Low Use of Opioid Risk Reduction Strategies in Primary Care Even for High Risk Patients with Chronic Pain
- First Online:
- Cite this article as:
- Starrels, J.L., Becker, W.C., Weiner, M.G. et al. J GEN INTERN MED (2011) 26: 958. doi:10.1007/s11606-011-1648-2
- 384 Downloads
Experts recommend close oversight of patients receiving opioid analgesics for chronic non-cancer pain (CNCP), especially those at increased risk of misuse. We hypothesized that physicians employ opioid risk reduction strategies more frequently in higher risk patients.
Retrospective cohort using electronic medical records.
Patients on long-term opioids (≥3 monthly prescriptions in 6 months) treated for CNCP in eight primary care practices.
We examined three risk reduction strategies: (1) any urine drug test; (2) regular office visits (at least once per 6 months and within 30 days of modifying opioid treatment); and (3) restricted early refills (one or fewer opioid refills more than a week early). Risk factors for opioid misuse included: age <45 years old, drug or alcohol use disorder, tobacco use, or mental health disorder. Associations of risk factors with each outcome were assessed in non-linear mixed effects models adjusting for patient clustering within physicians, demographics and clinical factors.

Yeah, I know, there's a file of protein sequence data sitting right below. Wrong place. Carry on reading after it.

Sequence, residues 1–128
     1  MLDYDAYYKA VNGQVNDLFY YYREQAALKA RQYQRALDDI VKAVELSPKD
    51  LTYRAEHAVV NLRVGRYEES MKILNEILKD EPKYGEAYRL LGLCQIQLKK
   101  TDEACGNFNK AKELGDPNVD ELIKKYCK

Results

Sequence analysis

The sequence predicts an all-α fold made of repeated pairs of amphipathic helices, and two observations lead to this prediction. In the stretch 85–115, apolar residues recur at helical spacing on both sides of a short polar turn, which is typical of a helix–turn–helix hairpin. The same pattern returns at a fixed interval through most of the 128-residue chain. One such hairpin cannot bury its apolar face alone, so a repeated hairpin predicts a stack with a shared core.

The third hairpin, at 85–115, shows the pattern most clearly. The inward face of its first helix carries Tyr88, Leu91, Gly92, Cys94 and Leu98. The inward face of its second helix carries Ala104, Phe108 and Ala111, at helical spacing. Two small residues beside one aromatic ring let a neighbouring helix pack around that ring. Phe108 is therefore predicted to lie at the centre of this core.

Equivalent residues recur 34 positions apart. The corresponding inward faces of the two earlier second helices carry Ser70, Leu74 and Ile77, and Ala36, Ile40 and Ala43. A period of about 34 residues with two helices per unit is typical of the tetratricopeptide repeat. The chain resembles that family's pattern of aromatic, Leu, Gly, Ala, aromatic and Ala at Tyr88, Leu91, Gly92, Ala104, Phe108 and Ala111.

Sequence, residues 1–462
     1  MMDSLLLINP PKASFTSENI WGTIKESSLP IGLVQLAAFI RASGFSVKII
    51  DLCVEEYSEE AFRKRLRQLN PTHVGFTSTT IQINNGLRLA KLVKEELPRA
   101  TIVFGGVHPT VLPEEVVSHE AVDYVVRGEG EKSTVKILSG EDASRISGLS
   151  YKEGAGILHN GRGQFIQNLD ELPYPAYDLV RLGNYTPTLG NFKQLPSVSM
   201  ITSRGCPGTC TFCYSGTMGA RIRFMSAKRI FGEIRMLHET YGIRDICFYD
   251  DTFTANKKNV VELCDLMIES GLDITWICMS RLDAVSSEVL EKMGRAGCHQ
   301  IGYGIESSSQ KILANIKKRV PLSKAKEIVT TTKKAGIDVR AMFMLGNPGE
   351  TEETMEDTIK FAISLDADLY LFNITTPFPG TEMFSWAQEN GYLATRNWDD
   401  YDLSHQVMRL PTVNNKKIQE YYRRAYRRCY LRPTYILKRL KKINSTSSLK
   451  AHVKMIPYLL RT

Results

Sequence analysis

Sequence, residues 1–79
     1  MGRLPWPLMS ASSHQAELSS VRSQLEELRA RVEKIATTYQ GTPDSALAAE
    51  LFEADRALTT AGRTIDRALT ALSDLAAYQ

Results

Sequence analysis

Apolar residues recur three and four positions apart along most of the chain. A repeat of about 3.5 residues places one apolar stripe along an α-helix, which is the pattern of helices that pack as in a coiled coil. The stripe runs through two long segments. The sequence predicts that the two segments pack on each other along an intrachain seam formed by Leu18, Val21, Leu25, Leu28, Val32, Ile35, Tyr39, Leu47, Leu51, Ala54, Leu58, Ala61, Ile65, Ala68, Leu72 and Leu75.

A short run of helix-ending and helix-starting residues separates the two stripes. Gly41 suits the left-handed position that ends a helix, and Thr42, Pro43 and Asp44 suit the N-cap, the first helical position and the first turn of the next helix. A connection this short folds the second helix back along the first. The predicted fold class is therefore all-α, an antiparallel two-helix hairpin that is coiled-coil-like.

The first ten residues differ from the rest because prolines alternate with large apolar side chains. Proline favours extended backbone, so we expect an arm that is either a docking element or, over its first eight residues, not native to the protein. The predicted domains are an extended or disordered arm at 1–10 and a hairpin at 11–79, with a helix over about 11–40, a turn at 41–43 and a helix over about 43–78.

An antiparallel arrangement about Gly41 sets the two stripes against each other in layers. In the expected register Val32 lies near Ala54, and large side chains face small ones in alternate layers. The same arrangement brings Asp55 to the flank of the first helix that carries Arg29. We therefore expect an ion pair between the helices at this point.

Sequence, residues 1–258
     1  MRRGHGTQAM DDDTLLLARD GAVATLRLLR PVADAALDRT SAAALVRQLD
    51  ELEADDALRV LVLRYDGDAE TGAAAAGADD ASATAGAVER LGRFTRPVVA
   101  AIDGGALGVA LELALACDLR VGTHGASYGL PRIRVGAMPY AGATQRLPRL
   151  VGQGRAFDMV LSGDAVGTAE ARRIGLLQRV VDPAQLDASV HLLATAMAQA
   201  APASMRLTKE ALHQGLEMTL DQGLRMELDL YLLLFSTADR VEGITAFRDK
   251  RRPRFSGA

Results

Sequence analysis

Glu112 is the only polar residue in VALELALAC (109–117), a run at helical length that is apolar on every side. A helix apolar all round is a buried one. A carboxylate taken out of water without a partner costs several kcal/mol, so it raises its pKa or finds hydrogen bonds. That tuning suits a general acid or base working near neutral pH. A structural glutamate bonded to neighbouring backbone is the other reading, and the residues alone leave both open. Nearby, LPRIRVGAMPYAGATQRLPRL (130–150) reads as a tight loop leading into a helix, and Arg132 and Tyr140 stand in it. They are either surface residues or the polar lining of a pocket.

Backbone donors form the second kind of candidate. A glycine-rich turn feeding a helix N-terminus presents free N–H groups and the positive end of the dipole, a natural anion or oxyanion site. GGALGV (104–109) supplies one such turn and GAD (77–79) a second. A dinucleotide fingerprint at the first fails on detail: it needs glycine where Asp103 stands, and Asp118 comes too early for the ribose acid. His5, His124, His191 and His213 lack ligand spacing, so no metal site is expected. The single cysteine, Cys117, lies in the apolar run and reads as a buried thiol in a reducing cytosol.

Of 1,612 patients, 8.0% had urine drug testing, 49.8% visited the office regularly, and 76.6% received restricted (one or fewer) early refills. Patient risk factors were: age <45 (29%), drug use disorder (7.6%), alcohol use disorder (4.5%), tobacco use (16.1%), and mental health disorder (48.4%). Adjusted odds ratios (AOR) of urine drug testing were significantly increased for patients with a drug use disorder (3.18; CI 1.94, 5.21) or a mental health disorder (1.73; CI 1.14, 2.65). However, the AOR for restricted early refills was significantly decreased for patients with a drug use disorder (0.56; CI 0.34, 0.92). After adjustment, no risk factor was significantly associated with regular office visits. An increasing number of risk factors was positively associated with urine drug testing (p < 0.001), but negatively associated with restricted early refills (p = 0.009).
Primary care physicians’ adoption of opioid risk reduction strategies is limited, even among patients at increased risk of misuse.